Learn to Play Bagpipes

A Horse Drinking Water

How to Join a Competition Pipe Band - And Why You Should

So you want to join a competition pipe band? For some people, this seems to be a natural and fun progression. For others, it may be a bit intimidating. In this article we will explore how to join a competition pipe - and why you should.

If this is the beginning of your exploration then there’s a good chance that you may already be in a band. First off, I will tell you from experience something that may come as a shock to you. If you are coming from a band that doesn’t have any interest in becoming a competition pipe band, the best you can do is play with another band. This doesn’t mean you have to leave your old pipe band, but you will never be able to give the desire to ANYONE to want to play and get better. As the old saying goes, You can lead a horse to drink water, but it will probably tell you to @#$% off if you want to get it to compete.” I know because I was in the same boat. Thankfully I have been able to impart that wisdom to other members who were in the same exact boat. Years later, these same people are now playing in a successful competition WITHOUT the stress of getting a competition band off the ground. They would never have been able to form a band with people just not interested. By joining another band they got to where they wanted to go without wasting years, and they are quite happy now.

The second tip I can offer is to join the right band. Firstly you will want to determine which band is right for you. Is the band good? In other words, do they get results (place in competitions)? Do they have an infrastructure? Is the band run by competent leadership who know how to correct faults in the band’s playing? Can they tune a band? Do they have instructors who are actively teaching their members? Or do they just practice endlessly and get no results?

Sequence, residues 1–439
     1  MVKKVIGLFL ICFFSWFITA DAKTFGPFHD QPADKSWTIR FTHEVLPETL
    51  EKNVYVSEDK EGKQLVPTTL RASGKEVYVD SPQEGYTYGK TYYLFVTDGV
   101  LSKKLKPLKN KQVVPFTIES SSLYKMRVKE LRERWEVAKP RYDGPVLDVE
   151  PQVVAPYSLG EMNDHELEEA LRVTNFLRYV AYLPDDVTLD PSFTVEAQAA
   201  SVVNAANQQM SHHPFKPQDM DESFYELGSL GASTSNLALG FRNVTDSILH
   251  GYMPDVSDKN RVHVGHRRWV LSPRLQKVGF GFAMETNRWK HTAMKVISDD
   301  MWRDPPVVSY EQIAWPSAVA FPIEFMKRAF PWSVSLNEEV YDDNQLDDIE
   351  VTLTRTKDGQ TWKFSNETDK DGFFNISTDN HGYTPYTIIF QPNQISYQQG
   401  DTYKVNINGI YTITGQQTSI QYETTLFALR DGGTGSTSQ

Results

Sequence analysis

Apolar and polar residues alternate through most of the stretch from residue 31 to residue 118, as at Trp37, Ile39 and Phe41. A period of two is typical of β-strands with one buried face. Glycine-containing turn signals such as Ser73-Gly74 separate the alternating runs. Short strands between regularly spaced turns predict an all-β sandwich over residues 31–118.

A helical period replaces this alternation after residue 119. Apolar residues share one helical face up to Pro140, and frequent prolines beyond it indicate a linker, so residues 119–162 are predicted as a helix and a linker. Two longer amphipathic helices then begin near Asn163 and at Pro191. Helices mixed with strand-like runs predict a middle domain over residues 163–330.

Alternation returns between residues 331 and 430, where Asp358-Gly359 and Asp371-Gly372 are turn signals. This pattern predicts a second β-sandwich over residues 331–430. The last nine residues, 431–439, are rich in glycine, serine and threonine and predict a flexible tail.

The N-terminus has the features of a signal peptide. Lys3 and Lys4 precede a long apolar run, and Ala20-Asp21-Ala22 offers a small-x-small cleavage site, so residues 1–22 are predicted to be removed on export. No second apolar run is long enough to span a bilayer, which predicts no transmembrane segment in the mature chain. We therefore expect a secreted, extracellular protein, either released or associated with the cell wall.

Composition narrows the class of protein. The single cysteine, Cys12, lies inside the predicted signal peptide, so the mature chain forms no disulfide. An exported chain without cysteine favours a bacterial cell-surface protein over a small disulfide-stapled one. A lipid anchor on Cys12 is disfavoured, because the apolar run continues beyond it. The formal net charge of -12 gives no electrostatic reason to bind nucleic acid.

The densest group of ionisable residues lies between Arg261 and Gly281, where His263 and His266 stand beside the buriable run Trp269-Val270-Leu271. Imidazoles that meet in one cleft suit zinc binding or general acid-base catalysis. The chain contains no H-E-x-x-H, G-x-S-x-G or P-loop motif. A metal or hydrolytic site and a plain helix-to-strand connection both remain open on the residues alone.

Generally the better the band, you more you may have to travel to get to practice. This most likely will be the case with higher grade bands, with band members traveling internationally to play in Grade 1, or driving hours to get to practice. Of course, if the band you want to join is a Grade 4 pipe band, then maybe they’re only an hour’s drive or less. That all being said, be prepared to have to travel and commit to going to practice. Perhaps you’ll get lucky and there is a band nearby that is good, but on the other hand maybe the band that is better for you will be an extra half an hour drive (or longer).

The other aspect you want to figure out is which band grade do you want to play in. The higher the grade the more demanding the work will be. Perhaps if you are a hot shot piper that won’t be the case, but for most people it will be. Even a grade 4 pipe band, which used to be the entry level band grade in the U.S., still has to be able to play an MSR at respectable tempos. This requires one to get comfortable playing with good note clarity, rhythm, embellishments, and the like. And if your playing isn’t there yet, that’s OK. It’s still a beginner band grade, but you ought to put some work in so that your playing gets better. After all, that is one of the main reasons for you to join a pipe band: to improve.

If you are a competition soloist, it can be difficult to keep up with the workload for both solos and band. Here are several options. If you are intermediate grade soloist, then you can probably manage to play with a grade 4 pipe band since you have a foundation. However an intermediate or advanced soloist can have difficulty playing in an intermediate or advanced band grade. I’m not going to lie; it’s a lot of work to have success in both. If you are an entry level soloist, playing in an entry level band can also be a lot of work since you are still developing your fundamentals. There’s nothing wrong with with just focusing on one when you start. But definitely consider your options. You may choose to be cavalier and take on a big workload, but understand that can also leave you thin.

I hope these tidbits were helpful. Playing in a conception band can and should make you a better player (as a soloist, band player, and a gig performer). It’s a lot of fun and the comeraderie is special. Nobody can understand what it’s like to be in competition pipe band culture unless they are in it, but the sacrifices are worth it — especially when you have a good run on the field or your band takes home a trophy.

Published: September 14th, 2023

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